One very important effect of good, secure hedging is the prevention of bovine tuberculosis (bTB). Hedges form part of the bio-security system around a livestock area. In a study into the risks of bTB to herds of cattle, it was found that ‘hedge-poor’ farms, that is those farms with few hedgerows and large field sizes were at a significantly greater risk than those with ‘hedge-rich’ fields. One of the reasons suggested for these findings is that badgers will stick to the natural hedge habitat if it is there in abundance. Without the hedgerow to act as a buffer, cattle and badgers are more likely to come into contact as badgers will wander into fields where cattle graze.

Looking good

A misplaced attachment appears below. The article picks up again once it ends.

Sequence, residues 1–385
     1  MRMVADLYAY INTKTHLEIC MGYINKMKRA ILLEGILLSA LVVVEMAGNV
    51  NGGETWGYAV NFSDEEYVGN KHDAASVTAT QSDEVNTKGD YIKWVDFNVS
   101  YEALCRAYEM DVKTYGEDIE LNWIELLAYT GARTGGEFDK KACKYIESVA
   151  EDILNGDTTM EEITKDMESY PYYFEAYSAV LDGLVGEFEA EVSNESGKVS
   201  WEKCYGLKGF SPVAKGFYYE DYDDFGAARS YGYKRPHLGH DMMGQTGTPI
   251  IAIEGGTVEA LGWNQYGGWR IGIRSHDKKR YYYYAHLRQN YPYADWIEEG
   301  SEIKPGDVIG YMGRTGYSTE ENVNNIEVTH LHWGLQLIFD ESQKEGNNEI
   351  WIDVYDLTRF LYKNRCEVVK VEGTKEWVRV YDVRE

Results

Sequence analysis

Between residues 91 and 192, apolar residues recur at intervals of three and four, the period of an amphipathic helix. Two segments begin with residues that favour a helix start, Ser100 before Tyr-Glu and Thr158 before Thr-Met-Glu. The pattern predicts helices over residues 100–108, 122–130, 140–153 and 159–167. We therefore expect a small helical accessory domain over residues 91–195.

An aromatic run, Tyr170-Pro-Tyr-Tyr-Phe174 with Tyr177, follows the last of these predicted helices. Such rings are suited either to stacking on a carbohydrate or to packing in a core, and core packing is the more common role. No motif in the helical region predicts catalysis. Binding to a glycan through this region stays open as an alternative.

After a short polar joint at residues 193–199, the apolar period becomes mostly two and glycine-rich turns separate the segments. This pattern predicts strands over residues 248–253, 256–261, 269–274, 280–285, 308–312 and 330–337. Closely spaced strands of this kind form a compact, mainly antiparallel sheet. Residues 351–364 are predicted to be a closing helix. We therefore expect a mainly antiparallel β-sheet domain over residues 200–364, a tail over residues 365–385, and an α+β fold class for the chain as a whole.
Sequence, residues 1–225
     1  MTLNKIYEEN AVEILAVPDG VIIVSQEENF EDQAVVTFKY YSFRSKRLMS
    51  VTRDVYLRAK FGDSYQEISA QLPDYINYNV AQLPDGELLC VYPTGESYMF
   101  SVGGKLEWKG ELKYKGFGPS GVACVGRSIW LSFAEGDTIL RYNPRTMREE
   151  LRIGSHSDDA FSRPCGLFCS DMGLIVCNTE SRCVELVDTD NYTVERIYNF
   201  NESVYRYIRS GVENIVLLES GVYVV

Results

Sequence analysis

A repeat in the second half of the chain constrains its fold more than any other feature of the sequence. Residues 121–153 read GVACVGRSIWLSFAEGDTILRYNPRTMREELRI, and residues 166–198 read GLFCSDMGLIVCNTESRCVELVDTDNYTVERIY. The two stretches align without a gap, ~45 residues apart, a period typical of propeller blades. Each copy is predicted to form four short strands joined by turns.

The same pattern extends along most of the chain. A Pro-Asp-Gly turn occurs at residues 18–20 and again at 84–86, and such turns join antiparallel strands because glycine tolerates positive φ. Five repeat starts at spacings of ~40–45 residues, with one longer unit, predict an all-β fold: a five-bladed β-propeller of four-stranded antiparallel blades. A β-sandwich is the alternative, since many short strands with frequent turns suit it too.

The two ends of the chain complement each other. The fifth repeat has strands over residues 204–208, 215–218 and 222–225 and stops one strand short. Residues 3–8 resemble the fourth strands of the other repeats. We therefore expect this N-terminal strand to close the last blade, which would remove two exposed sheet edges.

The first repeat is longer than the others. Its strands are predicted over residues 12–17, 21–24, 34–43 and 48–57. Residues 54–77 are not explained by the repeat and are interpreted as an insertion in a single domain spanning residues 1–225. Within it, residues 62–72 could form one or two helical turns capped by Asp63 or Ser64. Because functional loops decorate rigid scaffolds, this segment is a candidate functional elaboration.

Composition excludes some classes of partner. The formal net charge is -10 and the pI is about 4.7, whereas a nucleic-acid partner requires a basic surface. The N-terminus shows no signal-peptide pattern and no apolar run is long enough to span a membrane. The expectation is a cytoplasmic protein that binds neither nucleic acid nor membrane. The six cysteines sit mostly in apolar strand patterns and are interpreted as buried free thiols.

Hedges are also aesthetically pleasing. They can cover unsightly developments, protect people’s privacy or provide pleasant areas for people to enjoy.

All of which makes the growth and maintenance of hedgerows an important feature of land management. In the past farmers have tended to cut their hedges after harvest in the autumn time. Advice from the Department for Agriculture and Rural Affairs suggests that later in the winter, around February and March time, is a far better option. This allows the birds to forage all the berries earlier in the year. Any later than this and you risk disturbing nesting birds.

How to...

A flail is the most common tool used for hedge-cutting. Hedgerows might look as if they have been put through a mill when they are first cut, but they recover well and regular cutting will promote new, healthy growth. Hedgerows should be cut in a yearly sequence – side one year, top the next, other side the third year – to allow the hedge to keep flowering and growing. It is also important not to cut the hedge too close as this will weaken the growth of the hedge.